Paintings by Dianne Mize

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Sunday, August 8, 2010

The Difference Made

What better time than somebody's sabbath to reflect, and after all, isn't that what a sabbath is for? 

Here's what I've been thinking about this morning:  no less than three artists--each in or near their fifth decade of life-- have recently talked with me about where they now find themselves in the course of their artistic lives.  Not one of the three is happy.

Now I cannot make a call as to why, but I can make an observation from what each has told me: what they all have in common is an event that happened in their second decade of life:  a choice.  They don't know one another, have never met so far as I know, yet each made a choice to follow what was expected rather than what their innards cried out for.  One for financial success, the other two for recognition. 

Our culture has set us up.  There is an unspoken demand that we follow a cultural formula or "fail."  Even within the culture-of-follow-your-own-voice, there's a judgment factor and it's judgment we all fear because to be judged inadequate is to be rejected, and the one thing a human being cannot cope with is rejection. And in our twenties, we're too tender and vulnerable and in need of acceptance.  And if we've not been nourished to recognize and claim our quiddity, we're more likely to stumble.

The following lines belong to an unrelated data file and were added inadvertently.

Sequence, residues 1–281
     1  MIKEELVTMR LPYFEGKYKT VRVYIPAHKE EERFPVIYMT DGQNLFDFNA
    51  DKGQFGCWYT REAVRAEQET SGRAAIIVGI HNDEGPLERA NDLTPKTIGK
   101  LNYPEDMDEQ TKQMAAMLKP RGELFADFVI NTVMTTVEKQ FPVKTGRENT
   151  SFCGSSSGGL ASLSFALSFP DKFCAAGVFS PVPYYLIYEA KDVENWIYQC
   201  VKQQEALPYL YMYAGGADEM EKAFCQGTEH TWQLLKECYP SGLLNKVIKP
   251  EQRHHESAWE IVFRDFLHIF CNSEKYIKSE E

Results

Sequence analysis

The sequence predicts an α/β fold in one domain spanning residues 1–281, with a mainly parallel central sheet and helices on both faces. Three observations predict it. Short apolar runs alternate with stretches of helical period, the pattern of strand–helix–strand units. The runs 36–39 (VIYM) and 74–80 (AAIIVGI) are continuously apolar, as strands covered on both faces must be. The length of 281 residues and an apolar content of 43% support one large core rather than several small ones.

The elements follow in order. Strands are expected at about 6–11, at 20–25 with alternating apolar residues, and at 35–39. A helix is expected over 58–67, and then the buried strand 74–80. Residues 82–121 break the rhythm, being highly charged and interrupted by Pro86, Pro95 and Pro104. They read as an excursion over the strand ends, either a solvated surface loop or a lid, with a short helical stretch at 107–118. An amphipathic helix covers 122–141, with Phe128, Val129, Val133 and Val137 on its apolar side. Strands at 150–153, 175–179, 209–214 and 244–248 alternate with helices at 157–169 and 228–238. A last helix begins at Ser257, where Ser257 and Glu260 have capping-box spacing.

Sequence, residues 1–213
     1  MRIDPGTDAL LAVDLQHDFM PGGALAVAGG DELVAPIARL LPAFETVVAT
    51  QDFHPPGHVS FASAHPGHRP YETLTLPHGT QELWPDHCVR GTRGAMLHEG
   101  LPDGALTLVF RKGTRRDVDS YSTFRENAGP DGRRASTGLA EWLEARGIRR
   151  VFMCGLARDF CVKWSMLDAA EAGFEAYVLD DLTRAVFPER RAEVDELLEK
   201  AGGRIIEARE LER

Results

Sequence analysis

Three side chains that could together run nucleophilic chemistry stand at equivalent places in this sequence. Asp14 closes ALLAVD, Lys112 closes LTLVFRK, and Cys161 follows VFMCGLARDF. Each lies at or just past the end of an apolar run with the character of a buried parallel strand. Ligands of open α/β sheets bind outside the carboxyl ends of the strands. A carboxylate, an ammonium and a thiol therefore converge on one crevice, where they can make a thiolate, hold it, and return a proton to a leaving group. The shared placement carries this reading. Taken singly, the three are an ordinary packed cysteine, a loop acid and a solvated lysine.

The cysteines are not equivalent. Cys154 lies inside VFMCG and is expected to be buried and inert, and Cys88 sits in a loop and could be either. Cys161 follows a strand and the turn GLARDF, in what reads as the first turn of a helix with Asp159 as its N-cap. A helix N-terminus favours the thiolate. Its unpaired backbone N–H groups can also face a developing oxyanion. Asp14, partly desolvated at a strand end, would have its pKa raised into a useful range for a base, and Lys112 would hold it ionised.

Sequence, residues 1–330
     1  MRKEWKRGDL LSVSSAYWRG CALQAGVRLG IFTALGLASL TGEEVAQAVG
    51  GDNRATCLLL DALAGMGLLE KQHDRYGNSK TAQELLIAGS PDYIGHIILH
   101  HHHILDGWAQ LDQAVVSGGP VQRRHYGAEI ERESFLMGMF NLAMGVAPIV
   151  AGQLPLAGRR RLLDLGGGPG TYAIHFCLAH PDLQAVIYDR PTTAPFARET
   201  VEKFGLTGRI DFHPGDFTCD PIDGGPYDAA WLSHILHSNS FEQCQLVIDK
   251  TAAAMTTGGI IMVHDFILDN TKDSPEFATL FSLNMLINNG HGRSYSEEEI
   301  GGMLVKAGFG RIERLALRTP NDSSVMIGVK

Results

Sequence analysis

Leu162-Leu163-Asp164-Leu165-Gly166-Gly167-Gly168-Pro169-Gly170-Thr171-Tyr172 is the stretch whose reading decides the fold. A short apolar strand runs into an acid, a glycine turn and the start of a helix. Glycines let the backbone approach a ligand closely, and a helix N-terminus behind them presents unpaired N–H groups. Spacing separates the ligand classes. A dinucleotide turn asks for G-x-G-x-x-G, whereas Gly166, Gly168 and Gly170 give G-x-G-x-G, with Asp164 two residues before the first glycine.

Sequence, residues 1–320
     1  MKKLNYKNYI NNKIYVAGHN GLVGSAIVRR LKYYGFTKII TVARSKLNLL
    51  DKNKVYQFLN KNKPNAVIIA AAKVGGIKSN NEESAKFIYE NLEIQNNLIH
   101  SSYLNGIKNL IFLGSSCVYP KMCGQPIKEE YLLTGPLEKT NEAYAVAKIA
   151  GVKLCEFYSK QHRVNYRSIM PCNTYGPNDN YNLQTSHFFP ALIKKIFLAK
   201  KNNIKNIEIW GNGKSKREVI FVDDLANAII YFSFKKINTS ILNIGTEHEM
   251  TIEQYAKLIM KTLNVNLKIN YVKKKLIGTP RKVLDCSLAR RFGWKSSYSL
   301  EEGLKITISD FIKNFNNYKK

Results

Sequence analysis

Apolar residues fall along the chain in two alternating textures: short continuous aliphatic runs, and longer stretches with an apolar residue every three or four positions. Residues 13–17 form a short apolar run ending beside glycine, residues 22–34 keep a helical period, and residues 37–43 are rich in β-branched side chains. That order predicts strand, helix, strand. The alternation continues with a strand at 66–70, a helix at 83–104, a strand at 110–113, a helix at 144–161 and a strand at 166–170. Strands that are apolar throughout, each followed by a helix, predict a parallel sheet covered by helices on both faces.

But "it ain't over 'til it's over."  There's another thing I observe in the trio on my mind this morning:  they are all still alive.  Choices can still be made. 

Have a happy Sunday.

1 comment:

Gaye Sekula said...

I am also in my fifth decade and one who made bad choices in the second. I don't think anyone can claim not having made mistakes. It's all part of life. The lesson to be learned is not to live the rest of our life wallowing in past regrets. You are so right to say that "it aint over until it's over"! I am happier than I have ever been and have to say, it was definitely a conscious decision. I accepted the things I couldn't change; eliminated committments that were bogging me down, even closed the door on some human relationships that had long been anything but healthy. As a result, I feel a thousand pounds lighter, have a clearer vision of what I want to accomplish and am finally living in harmony and peace. I am beginning to flourish in the calling that has always been within me; that of being an artist. Yes, it IS a choice and one that must not be left to others to make for you. Every day and in many ways, we are presented with choices. It's worth taking a little time to find the proper balance and to choose to move forward! I truly hope this helps someone because life is too short not to live your calling! It bears repeating, It aint over until it's over! GO for it! LIVE your life!